Plum School Board member attends education conference
Joe Tommarello has more than a passing interest in how government works.
Tommarello, 21, is vice president of the Plum School Board. He also is studying political science at the University of Pittsburgh and aspires to be a lawyer.
The youngest member of the Plum School Board earlier this month got to interact with government leaders in Washington, D.C., when he participated in the National School Boards Advisory Institute.
Tommarello, who last year was appointed to the National School Boards Association Federal Relations Network joined more than 700 members of school boards across the country from Feb. 2 to 4 to advocate on behalf of public education at the federal level.
The board members attended sessions on key issues affecting school districts, including Common Core standards, teacher evaluations and budgeting, Tommarello said.
“A lot of things they talked about are going on here in Plum,” Tommarello said.
A couple of the featured speakers included Bob Woodward, a Pulitzer Prize-winning journalist and author whose talk was on “Presidential Leadership and the Price of Politics,” and the Rev. Bernice King, an orator and author who is the daughter of slain civil-rights leader Martin Luther King Jr. She discussed “Public Education & Equal Opportunity for America's Students.”
Participants also learned about proposed legislation.
“It helped us learn about emerging federal issues,” Tommarello said.
Tommarello said he most enjoyed interacting with other school board members and finding out the similarities and differences in school districts.
Plum's teacher contract also was discussed, Tommarello said.
“I talked about our experience with teacher salaries and benefits and that more than 70 teachers are making over $100,000,” Tommarello said. “Some (board members from other districts) were surprised by Plum's teacher salaries.”
The conference also was capped off by board members having an opportunity to speak with senators and representatives.
Tommarello got some one-on-one time with U.S. senators Bob P. Casey Jr., a Scranton Democrat, Pat Toomey, a Lehigh County Republican, and U.S. Rep. Keith Rothfus, a Sewickley Republican.
“I told Keith Rothfus about the lunch boycott (at the beginning of the 2012-13 school year),” Tommarello said. “His reaction was ‘Go students.' ”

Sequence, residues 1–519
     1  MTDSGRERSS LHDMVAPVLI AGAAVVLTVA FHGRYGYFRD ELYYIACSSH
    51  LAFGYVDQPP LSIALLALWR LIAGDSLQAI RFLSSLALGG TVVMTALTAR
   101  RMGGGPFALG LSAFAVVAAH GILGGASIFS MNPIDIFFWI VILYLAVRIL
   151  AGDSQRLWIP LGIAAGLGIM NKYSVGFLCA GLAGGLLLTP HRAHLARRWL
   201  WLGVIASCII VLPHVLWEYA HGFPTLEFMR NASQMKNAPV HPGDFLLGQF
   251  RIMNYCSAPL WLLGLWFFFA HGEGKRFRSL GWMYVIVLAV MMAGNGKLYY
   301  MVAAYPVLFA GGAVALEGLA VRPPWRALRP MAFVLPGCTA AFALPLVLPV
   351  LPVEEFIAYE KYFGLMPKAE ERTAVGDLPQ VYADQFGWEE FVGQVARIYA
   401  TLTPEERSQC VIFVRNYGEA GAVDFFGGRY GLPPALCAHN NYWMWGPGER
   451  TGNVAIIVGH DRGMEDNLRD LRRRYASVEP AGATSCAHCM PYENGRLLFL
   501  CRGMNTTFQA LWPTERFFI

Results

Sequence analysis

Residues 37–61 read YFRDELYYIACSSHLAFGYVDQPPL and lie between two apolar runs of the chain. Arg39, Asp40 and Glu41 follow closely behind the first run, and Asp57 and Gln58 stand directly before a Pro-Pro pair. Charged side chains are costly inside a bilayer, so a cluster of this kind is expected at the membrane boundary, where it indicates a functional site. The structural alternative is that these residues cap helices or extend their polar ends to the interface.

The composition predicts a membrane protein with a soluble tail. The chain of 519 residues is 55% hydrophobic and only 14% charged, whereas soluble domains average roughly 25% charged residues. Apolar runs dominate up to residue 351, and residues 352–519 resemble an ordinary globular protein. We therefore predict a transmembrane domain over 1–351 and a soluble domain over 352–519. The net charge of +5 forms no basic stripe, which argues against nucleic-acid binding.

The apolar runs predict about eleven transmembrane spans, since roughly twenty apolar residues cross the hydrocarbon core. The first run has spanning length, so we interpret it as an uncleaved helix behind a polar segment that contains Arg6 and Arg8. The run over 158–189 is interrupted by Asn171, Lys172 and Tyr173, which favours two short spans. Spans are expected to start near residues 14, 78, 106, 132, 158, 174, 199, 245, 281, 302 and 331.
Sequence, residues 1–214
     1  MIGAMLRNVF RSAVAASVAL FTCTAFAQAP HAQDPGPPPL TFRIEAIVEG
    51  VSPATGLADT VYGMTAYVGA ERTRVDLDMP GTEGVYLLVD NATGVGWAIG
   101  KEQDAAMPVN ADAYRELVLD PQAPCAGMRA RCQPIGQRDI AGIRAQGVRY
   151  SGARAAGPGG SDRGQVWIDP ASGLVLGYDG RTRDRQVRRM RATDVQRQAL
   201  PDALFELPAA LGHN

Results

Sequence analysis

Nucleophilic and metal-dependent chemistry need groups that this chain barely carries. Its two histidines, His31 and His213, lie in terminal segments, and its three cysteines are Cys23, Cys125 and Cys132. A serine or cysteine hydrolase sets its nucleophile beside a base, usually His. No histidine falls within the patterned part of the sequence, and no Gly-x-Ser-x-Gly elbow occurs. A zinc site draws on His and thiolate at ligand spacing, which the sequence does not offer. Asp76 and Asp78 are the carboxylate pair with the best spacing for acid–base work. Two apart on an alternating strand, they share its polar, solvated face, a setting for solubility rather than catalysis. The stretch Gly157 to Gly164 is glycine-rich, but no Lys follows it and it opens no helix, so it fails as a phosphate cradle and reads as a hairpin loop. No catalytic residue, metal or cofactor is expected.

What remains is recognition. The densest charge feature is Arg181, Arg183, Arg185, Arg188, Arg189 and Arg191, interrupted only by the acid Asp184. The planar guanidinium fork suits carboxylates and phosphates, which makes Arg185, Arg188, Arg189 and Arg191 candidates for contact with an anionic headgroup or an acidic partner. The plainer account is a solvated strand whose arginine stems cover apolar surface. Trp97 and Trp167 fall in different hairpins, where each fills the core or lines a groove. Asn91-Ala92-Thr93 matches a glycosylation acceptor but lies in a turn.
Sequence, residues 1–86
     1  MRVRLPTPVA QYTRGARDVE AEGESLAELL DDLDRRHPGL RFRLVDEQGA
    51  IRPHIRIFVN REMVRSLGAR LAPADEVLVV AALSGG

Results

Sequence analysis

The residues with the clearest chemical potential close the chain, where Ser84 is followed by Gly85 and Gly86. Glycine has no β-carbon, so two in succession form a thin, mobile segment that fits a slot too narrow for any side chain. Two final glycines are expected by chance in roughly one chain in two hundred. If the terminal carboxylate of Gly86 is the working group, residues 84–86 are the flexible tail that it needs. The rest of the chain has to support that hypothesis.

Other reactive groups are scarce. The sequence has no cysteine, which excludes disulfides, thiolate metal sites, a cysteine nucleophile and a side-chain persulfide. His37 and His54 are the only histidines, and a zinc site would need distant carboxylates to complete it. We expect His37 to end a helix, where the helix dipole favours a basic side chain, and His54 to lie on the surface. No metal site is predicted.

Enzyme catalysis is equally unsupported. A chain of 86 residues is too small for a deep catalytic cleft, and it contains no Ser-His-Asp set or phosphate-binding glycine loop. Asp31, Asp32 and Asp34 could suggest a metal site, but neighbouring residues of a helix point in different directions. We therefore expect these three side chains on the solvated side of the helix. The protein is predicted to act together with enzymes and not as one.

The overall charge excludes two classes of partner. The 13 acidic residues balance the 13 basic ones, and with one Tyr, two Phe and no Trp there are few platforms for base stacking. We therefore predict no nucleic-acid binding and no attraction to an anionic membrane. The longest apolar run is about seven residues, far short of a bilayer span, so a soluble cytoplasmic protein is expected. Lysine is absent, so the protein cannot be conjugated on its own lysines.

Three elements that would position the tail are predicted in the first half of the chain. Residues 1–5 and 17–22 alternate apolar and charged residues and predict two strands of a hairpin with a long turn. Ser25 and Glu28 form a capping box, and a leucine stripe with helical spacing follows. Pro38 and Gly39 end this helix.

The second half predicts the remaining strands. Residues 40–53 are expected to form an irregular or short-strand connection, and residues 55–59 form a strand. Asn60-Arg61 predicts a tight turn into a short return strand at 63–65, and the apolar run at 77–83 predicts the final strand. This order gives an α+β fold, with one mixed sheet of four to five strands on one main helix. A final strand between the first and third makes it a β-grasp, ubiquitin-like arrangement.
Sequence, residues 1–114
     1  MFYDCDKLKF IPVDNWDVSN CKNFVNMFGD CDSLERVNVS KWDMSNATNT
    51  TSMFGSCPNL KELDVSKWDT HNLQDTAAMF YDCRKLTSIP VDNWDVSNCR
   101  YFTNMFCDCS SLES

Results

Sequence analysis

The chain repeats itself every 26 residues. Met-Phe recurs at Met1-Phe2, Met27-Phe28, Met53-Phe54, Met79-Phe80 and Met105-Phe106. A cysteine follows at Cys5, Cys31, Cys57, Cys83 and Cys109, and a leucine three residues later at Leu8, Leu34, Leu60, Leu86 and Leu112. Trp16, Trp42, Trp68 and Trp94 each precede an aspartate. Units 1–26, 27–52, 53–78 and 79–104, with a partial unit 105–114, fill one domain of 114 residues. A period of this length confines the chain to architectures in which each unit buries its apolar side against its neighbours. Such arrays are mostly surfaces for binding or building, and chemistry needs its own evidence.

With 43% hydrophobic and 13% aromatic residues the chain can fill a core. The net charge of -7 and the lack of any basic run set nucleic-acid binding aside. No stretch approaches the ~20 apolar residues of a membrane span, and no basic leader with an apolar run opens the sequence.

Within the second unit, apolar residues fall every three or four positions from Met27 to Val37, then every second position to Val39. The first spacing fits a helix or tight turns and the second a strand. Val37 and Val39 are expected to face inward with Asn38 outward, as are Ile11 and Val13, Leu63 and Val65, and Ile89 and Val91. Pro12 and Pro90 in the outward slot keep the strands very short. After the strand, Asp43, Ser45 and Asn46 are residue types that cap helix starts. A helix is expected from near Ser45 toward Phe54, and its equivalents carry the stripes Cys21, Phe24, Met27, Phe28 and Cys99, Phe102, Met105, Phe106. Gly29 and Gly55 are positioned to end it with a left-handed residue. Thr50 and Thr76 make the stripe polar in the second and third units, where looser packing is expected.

Students were protesting higher prices and also the smaller portions required by new federal standards,
Tommarello also expressed to Rothfus his worries about school districts' increased costs and reduced federal-government funding.
Rothfus said he and Tommarello spoke about the importance of local school boards and officials having the authority to make the decisions that are best for their individual districts.
“Decisions are best made at the local, state, then federal level,” Rothfus said. “They (local officials) are closest to the classroom.”
Tommarello said Toomey urged board members to support a bill he introduced aimed at protecting children from violent predators.
The legislation — Protecting Students from Sexual and Violent Predators Act — would require school officials to perform background checks on all new and existing employees and require them to notify local law enforcement if a background check indicates a sexual predator has applied for employment.
Tommarello said he invited the legislators to visit the Plum School District.
“I learned a lot and took a lot of knowledge from the conference that I will relay to the district,” Tommarello said. “The biggest thing was putting the name of Plum out there.”
Karen Zapf is a staff writer for Trib Total Media. She can be reached at 412-856-7400 ext. 8753 or firstname.lastname@example.org.
Show commenting policy
TribLive commenting policy
You are solely responsible for your comments and by using TribLive.com you agree to our Terms of Service.
We moderate comments. Our goal is to provide substantive commentary for a general readership. By screening submissions, we provide a space where readers can share intelligent and informed commentary that enhances the quality of our news and information.
While most comments will be posted if they are on-topic and not abusive, moderating decisions are subjective. We will make them as carefully and consistently as we can. Because of the volume of reader comments, we cannot review individual moderation decisions with readers.
We value thoughtful comments representing a range of views that make their point quickly and politely. We make an effort to protect discussions from repeated comments either by the same reader or different readers.
We follow the same standards for taste as the daily newspaper. A few things we won't tolerate: personal attacks, obscenity, vulgarity, profanity (including expletives and letters followed by dashes), commercial promotion, impersonations, incoherence, proselytizing and SHOUTING. Don't include URLs to Web sites.
We do not edit comments. They are either approved or deleted. We reserve the right to edit a comment that is quoted or excerpted in an article. In this case, we may fix spelling and punctuation.
We welcome strong opinions and criticism of our work, but we don't want comments to become bogged down with discussions of our policies and we will moderate accordingly.
We appreciate it when readers and people quoted in articles or blog posts point out errors of fact or emphasis and will investigate all assertions. But these suggestions should be sent via e-mail. To avoid distracting other readers, we won't publish comments that suggest a correction. Instead, corrections will be made in a blog post or in an article.
- Logans Ferry Heights celebrates history of volunteer fire company
- Plum library steps into shoe-recycling benefit program